I am a bit of an introvert. When I say that to people who don’t know me very well they look at me like I am crazy. I appear to be outgoing, the life of the party. It’s the mask I wear in crowds. It is not my true nature.
I enjoy being alone. I am comfortable alone. Anxiety free.
One of my least favorite things is a networking event, with lots of people I don’t know and the desire to make a good first impression.
Or going to a gathering filled with the person I am with’s, friends. Yuck. The thought of it makes me want to run home and be by myself.
I read recently that a good frame of reference for an introvert is someone who would rather give a presentation to 500 people than mingle with those people afterwards. That’s me. I can seem fearless. I don’t mind speaking in front of crowds. I am an actress at heart.
But a lot of actresses are introverts. It’s quite common. Being someone else on stage is far easier than mingling with strangers.
In crowds, I am uncomfortable. But one on one or in small groups of people I am completely at ease. That’s my comfort zone.
I hate concerts, sporting events, large public gatherings of any kind. They make me anxious and I am always looking for the exit. I have a habit of hiding in bathrooms. I know…that’s weird.
Because I like humans. I really, really like getting to know new people. In real settings. Where no one is impressing anyone else. Or selling themselves or their business or their product. Just two or three or four people, face to face, talking. I love it.
Last night I had dinner with a 77-year-old man. English by birth. Married twice. His second wife passed away several years ago. He is a big supporter of the arts. I could have listened to him tell me stories about his life all day. My favorite thing that he said was he had spent his entire life hating gay people and now many of his closest friends are gay and he really regrets his previous belief that there was something wrong with being gay. I didn’t tell him that I am gay. I didn’t want to test his new-found openness. I wanted to take him at face value. And really, it’s no one’s business but my own. He didn’t tell me he was straight. So I didn’t feel obliged to tell him I was gay.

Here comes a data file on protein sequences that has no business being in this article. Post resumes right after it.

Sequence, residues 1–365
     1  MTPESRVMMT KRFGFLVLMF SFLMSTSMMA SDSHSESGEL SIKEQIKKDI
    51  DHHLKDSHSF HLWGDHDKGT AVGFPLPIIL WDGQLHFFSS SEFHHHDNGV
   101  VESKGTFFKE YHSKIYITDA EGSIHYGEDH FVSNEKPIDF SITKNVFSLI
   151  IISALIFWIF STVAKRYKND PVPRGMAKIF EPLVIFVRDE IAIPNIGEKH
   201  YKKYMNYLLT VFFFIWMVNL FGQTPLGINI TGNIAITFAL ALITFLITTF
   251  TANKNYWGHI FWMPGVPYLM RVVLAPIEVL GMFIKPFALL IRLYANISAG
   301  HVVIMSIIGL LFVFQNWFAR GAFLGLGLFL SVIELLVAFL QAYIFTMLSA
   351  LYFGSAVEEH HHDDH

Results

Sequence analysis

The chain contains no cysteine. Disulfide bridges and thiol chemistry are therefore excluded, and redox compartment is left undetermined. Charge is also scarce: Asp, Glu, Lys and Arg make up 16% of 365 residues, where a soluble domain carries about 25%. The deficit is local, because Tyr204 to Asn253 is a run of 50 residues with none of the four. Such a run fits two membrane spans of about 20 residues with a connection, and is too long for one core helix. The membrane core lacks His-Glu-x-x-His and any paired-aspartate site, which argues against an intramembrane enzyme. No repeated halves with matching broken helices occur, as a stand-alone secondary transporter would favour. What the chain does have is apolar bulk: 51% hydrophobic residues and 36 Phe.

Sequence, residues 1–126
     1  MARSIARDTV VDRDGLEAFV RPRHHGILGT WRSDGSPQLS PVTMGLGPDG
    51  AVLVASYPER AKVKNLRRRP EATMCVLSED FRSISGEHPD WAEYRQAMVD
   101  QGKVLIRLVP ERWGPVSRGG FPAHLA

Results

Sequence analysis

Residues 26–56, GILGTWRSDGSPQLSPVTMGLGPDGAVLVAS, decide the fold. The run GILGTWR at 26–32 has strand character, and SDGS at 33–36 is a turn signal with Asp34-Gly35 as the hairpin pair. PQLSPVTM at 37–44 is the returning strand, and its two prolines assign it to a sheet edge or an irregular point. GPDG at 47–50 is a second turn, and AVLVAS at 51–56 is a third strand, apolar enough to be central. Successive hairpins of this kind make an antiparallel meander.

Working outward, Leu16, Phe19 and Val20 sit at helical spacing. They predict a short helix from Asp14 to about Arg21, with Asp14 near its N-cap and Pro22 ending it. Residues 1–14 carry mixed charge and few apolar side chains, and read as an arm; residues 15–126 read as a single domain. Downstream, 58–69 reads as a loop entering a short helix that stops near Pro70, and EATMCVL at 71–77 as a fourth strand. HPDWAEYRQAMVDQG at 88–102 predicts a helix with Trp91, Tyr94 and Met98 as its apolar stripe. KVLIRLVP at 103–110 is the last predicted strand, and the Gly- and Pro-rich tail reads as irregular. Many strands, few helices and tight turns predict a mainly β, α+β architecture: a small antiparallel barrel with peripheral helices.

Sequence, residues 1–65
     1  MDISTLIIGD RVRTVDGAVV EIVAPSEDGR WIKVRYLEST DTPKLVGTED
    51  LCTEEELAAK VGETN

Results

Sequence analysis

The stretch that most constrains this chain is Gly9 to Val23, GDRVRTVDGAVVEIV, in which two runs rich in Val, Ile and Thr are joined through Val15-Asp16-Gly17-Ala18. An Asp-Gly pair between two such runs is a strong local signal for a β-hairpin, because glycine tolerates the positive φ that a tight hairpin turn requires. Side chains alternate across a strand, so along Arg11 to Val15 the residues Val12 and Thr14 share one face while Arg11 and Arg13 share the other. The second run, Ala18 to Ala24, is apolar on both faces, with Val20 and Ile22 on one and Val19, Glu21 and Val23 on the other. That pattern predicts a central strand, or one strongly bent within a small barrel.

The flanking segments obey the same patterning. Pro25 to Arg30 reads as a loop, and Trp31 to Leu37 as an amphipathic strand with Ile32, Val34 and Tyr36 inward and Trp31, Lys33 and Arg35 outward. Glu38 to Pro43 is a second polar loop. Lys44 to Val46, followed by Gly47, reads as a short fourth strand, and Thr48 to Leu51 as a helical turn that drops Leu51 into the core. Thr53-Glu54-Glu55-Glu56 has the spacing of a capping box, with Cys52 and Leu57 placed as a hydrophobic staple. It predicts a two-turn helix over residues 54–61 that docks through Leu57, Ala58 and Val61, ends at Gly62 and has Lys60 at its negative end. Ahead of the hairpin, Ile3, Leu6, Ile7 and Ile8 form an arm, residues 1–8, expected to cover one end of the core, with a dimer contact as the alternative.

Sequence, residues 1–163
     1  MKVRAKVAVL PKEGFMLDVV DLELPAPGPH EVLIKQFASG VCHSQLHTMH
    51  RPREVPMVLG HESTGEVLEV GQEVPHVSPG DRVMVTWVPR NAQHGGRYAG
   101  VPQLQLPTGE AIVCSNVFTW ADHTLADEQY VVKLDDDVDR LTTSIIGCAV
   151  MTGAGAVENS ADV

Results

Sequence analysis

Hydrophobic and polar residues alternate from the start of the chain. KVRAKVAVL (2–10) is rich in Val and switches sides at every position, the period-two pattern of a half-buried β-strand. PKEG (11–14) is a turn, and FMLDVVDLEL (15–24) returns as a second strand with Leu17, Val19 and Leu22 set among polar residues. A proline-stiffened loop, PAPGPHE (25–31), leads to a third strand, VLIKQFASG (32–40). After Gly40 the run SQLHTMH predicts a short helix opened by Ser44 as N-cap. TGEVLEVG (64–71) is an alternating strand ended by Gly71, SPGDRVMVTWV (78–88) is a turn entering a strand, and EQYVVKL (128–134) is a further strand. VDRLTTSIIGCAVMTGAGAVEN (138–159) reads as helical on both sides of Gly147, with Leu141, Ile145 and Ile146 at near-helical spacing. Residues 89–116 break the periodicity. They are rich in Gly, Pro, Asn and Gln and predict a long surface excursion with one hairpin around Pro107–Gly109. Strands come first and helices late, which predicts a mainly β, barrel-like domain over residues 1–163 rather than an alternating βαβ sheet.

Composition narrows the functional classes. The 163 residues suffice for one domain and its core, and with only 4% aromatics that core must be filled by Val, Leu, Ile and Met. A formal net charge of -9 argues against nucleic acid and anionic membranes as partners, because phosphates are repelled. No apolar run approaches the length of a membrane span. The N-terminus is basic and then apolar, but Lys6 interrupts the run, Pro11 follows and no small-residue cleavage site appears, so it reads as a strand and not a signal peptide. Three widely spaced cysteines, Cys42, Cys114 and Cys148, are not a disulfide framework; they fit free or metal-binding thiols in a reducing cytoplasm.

We could barely finish our dinner we were so busy talking and sharing our stories. It was a wonderful two hours. His attitude as an older man was consistent with my desire to live in the present moment. We talked about that for a really long time. Enjoying life, making the most of it, being grateful for today.
I just find something beautiful about humans. All of them. I can think of very few people I don’t like. I think there is something inherently beautiful in all of us. Maybe that makes me a sucker. I am always surprised when people act like an asshole or do mean or vindictive things. But I am not perfect, I have regrets. I can be mean. I can be self-centered, emotional, silly. So I expect other people to make mistakes and I forgive them pretty quickly. I don’t hold onto anger well. I live by the mantra “learn to accept the apology you never received.” Anger is toxic. Loving people is easy.
While I may want to hide in a crowd, I cannot wait to sit face to face with a stranger and discover them.
I think that’s why I like reading other people’s blog posts. A tiny window into their minds, their hearts.
I find something worthy in nearly everyone I meet.
I like humans.